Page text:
• The heavyset copy wore an ill-fitting gray suit over a pale blue shirt and a 1980’s navy blue tie. . Taking fashion direction from NYPD Blue
  • Frisson of fear (delicious)
  • Dangerous stillness about him
  • wore martial arts slippers
  • the collar of his greatcoat
  • poor taste in clothes
  • Top button of his shirt was undone, exposing his undershirt
  • Chunky, square-faced, with short, curly hair and a bald spot at the crown of his head. He had small back eyes, fight scars under them, a nose that had been hit a few times.
  • Middle-aged, wavy-haired brunette packed tightly into a peacock-blue knockoff Chanel suit.
  • Barrel-chested, rust-bearded fireplug, five-six in thick-soled shoes, with sturdy, hirsute wrists and lumberjack hands. He wore a yellow-and-blue window-pane shirt, a big-knotted red tie of gleaming silk brocade, leather knit suspenders.
  • His hand was still damp—from the water faucet in the restroom, Virgil hoped.

What are your favorite ways to sum up a character in a phrase or a sentence?

More descriptors:

How to Describe Dogs

What Do Emotions Look Like?

113 Ways to Characterize Your Protagonist




Jacqui Murray is the author of the popular Building a Midshipman, the story of her daughter’s journey from high school to United States Naval Academy. She is webmaster for six blogs, an Amazon Vine Voice book reviewer, a columnist for Examiner.com and TeachHUB, Editorial Review Board member for Journal for Computing Teachers, monthly contributor to Today’s Author and a freelance journalist on tech ed topics. In her free time, she is  editor of technology training books for how to integrate technology in education. Currently, she’s editing a techno-thriller that should be out to publishers next summer.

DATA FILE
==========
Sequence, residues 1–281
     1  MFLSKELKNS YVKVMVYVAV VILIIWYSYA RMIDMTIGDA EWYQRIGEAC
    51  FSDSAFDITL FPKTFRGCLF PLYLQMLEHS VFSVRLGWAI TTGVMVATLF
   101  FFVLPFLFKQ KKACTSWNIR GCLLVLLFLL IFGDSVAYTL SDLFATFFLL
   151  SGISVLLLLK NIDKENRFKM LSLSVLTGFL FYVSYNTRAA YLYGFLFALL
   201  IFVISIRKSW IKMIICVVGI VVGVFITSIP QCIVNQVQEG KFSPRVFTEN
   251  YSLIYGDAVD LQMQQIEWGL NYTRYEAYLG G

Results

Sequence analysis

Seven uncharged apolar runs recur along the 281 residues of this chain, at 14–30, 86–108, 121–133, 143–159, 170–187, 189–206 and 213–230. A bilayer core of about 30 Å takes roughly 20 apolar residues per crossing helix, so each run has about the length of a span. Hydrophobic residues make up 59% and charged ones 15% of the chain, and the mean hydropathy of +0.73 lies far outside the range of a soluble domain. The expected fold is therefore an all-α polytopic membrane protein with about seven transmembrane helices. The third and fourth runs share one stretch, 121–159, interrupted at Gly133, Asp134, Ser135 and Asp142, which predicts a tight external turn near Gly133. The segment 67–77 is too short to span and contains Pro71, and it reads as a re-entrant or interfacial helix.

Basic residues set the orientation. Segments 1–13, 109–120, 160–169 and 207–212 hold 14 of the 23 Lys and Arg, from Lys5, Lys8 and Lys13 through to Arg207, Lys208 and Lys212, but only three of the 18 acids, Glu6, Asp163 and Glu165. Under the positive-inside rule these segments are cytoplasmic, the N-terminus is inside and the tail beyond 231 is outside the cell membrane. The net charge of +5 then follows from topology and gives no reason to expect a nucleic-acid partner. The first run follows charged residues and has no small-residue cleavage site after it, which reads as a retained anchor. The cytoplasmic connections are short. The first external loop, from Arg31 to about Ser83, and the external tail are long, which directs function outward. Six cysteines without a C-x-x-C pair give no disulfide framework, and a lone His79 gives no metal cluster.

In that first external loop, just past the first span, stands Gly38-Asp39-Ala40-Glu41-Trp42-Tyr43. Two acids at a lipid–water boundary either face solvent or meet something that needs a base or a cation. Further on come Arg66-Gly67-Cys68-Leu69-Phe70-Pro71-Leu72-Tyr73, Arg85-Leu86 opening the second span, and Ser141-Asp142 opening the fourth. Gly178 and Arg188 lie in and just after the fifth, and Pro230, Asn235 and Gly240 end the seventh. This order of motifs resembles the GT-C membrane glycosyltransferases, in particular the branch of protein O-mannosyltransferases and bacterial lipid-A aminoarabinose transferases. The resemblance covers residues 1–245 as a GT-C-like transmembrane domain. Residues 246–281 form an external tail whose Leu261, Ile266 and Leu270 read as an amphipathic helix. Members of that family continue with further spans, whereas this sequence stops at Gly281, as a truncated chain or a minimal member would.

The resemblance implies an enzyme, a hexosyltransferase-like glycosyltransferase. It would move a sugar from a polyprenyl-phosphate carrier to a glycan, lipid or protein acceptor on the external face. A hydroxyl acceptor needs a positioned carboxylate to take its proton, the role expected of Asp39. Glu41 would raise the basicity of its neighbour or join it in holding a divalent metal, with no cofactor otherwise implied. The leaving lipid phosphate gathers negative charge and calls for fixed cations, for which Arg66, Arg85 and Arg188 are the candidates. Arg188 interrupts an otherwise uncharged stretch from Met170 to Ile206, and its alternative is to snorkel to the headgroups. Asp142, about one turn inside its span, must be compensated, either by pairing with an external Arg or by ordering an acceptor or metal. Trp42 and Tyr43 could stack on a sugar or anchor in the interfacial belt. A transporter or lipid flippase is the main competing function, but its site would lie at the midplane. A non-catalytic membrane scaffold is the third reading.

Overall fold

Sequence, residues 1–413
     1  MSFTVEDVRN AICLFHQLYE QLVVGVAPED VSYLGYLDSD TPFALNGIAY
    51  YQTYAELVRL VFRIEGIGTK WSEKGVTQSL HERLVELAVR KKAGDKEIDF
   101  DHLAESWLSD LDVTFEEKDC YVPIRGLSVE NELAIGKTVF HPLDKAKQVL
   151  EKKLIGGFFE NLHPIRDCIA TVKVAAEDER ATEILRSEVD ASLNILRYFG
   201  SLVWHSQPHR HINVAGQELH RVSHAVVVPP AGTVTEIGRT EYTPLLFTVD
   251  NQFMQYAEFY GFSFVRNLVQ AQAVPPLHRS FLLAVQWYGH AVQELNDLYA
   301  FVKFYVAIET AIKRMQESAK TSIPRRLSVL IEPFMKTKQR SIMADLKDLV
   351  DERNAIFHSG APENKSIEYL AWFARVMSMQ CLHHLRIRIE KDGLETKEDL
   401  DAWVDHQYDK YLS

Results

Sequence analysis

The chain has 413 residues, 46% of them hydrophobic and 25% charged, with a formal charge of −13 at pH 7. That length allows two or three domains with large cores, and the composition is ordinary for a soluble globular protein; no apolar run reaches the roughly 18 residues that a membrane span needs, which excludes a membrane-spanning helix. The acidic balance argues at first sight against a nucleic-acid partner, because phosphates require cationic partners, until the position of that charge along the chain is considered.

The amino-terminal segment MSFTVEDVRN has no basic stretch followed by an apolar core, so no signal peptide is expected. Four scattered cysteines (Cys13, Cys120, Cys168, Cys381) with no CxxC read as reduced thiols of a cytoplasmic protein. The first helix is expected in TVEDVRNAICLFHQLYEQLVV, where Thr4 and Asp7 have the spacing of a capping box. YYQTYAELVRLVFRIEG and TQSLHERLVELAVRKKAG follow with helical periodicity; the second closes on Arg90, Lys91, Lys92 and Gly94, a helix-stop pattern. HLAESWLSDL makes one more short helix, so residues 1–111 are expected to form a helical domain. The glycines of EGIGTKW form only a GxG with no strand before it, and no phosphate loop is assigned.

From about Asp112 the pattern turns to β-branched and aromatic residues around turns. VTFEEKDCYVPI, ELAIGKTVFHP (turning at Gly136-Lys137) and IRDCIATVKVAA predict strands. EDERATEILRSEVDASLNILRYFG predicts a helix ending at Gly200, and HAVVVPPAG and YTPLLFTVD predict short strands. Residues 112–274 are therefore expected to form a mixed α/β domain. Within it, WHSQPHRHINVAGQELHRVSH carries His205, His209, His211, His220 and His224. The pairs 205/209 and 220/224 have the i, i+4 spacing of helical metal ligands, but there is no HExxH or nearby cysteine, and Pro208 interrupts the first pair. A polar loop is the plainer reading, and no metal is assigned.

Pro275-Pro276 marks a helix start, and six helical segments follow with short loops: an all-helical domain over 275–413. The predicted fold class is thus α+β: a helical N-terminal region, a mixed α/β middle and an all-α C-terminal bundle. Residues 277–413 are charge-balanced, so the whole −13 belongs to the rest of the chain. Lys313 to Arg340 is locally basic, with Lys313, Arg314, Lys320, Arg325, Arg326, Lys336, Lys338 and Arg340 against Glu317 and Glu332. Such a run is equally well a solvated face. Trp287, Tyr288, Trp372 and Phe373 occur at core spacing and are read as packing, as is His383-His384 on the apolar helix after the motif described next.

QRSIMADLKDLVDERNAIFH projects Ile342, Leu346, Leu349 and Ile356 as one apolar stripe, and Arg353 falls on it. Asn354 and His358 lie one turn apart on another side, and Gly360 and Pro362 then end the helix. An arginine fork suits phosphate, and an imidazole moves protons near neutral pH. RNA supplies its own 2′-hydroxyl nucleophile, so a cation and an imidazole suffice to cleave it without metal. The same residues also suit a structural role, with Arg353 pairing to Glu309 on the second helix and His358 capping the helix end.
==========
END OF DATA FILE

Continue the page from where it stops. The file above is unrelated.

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21 thoughts on “How To Describe Your Character’s Appearance in a Phrase

  1. My muse is jogged thank you … but insufficiently to answer your question re: favourite ways to sum up a character in a word or a sentence. I guess to just write it as it comes and then edit to see other ways of making the character stand out? Your examples are extremely useful thank you.